MARGARET BRENNAN: Now, I know you know this region of the country so well, because you served at the San Francisco Fed years ago. The tech sector has already been suffering from layoffs, it’s already under pressure, and this is really the hub of American innovation. How severe will the consequences be for that innovation?

SECRETARY YELLEN: So, I really can’t comment on what the impact will be. I think it depends on how this situation is resolved. And that’s something that we’re working on. But well aware that many startup firms have deposits and venture capital firms have deposits at this bank that have been affected by its failure. So this is something we’re working to try to resolve.

MARGARET BRENNAN: You know, when you look big picture at this, this bank had massive exposure to this one particular industry. How did government regulators miss – miss that risk?


Well, I you know, I would, I would say that although the tech sector has been suffering from a downturn, and it’s had some significant layoffs. The problems of this bank from reporting a bad situation suggest that because we’re in a higher interest rate environment, assets that it holds, many of which are Treasury assets, or mortgage-backed securities that are guaranteed by the government lose market value, and the problems of the tech sector are at the heart of the problems of this bank.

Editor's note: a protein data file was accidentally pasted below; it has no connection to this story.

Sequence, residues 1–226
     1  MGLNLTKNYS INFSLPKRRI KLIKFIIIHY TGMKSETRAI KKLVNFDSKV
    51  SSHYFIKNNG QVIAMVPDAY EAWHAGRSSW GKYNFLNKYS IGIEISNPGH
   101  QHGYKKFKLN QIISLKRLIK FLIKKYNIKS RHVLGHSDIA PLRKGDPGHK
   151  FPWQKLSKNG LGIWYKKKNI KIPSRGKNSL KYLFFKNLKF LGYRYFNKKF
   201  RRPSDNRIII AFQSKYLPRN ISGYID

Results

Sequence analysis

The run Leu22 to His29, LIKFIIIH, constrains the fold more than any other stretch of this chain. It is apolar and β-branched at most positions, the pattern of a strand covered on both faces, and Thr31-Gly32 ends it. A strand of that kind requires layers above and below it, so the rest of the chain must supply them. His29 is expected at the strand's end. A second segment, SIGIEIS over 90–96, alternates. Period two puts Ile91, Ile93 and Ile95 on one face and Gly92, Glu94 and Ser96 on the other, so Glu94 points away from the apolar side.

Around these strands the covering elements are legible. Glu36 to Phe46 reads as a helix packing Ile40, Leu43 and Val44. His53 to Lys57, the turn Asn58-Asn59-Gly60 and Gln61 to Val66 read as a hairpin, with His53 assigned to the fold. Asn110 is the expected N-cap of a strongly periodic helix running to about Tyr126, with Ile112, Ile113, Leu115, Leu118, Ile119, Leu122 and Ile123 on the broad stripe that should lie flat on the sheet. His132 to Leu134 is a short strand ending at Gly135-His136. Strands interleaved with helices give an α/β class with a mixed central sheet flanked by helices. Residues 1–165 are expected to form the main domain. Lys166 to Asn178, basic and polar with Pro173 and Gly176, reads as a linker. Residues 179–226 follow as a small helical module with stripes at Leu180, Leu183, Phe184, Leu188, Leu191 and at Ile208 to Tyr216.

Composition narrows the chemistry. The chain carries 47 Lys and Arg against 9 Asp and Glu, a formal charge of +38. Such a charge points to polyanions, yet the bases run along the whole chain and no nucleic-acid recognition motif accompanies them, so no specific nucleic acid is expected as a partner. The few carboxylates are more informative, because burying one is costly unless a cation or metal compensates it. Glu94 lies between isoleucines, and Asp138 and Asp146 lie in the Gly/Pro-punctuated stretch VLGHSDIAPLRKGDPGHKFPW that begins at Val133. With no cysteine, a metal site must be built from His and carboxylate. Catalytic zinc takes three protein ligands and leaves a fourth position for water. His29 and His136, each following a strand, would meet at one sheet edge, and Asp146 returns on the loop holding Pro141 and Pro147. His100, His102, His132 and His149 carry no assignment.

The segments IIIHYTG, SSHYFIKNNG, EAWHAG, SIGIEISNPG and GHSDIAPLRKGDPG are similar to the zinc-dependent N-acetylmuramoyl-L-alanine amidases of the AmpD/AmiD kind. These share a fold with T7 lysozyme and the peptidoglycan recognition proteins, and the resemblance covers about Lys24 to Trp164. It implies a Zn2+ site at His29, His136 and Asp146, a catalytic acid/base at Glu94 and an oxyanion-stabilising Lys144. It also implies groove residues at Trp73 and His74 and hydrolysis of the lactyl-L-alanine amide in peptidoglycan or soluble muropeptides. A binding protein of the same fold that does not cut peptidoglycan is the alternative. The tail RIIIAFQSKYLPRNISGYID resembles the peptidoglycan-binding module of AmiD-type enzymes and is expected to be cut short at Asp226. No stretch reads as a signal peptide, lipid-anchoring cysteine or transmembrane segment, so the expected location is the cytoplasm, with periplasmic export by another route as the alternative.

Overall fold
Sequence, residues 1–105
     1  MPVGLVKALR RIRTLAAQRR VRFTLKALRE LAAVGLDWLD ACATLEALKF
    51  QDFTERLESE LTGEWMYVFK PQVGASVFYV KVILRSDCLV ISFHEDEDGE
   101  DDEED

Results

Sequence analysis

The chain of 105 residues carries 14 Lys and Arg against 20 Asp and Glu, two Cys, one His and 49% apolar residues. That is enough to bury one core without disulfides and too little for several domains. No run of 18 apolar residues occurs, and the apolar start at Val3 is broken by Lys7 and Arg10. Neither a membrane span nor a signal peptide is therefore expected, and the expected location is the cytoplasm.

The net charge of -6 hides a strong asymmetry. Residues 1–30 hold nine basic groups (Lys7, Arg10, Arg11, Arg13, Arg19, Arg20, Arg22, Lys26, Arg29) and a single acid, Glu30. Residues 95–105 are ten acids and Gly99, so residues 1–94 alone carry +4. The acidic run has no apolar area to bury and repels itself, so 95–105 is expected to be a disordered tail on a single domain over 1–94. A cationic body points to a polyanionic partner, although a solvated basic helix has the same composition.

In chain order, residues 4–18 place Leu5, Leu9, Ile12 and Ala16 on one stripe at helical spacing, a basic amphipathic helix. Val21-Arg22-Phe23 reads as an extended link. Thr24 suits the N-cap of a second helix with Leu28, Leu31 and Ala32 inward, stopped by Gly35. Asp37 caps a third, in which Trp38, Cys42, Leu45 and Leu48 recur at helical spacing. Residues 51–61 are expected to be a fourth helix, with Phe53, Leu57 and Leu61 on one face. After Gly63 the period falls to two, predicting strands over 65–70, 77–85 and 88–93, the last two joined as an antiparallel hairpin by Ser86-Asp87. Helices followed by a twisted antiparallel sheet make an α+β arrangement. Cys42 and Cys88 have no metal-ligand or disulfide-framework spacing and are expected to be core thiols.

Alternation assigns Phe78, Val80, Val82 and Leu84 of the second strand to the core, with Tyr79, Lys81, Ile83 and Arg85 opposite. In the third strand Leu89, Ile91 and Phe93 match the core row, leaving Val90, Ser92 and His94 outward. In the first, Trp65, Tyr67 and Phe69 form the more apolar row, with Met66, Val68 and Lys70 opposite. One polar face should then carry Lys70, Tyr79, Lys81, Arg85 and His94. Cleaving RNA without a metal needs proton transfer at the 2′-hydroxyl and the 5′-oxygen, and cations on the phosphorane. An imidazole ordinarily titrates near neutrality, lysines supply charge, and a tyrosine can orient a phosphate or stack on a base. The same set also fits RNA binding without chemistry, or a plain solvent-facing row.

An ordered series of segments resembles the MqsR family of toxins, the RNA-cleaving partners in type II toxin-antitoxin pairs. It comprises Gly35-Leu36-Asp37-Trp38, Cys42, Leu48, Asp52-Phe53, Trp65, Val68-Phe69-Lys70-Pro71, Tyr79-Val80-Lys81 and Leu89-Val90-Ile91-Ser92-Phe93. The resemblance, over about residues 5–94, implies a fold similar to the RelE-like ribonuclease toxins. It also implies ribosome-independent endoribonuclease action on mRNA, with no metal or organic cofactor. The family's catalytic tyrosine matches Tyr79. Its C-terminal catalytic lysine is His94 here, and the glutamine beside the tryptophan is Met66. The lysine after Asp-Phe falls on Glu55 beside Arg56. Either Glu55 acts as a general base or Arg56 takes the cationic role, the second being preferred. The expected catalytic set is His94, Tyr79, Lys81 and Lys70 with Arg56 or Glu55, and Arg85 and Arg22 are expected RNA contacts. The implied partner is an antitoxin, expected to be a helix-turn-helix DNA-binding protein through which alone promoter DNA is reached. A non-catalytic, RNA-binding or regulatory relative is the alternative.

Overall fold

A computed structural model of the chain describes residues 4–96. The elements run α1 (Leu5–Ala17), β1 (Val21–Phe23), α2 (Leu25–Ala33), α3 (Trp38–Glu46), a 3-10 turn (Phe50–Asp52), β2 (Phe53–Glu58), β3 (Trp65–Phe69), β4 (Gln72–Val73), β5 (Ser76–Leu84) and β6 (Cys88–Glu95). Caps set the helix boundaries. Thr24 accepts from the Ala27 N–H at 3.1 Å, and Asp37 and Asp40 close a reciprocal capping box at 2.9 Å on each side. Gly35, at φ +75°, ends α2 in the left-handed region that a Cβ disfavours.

Was it simply mismanagement? I know there are- there is a lot of outcry and scrutiny of what has happened in recent days. The CEO of that bank reportedly sold about $3 million worth of shares 24 hours before the bank went under. For people at home, can you – how do you explain whether this was an issue a mismanagement? Go ahead.



Margaret, the FDIC- the FDIC has placed this bank in receivership and will be working over the weekend to manage its resolution. And in the meantime, I really can’t comment on details about the situation of this bank.